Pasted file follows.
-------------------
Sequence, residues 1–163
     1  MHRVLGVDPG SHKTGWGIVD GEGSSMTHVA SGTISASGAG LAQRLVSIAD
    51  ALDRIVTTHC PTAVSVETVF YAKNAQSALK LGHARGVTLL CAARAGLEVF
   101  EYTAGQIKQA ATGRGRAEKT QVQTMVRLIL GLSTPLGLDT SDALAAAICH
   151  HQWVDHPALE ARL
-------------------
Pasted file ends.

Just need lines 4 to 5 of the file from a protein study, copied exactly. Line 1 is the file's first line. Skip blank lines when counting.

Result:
   101  EYTAGQIKQA ATGRGRAEKT QVQTMVRLIL GLSTPLGLDT SDALAAAICH
   151  HQWVDHPALE ARL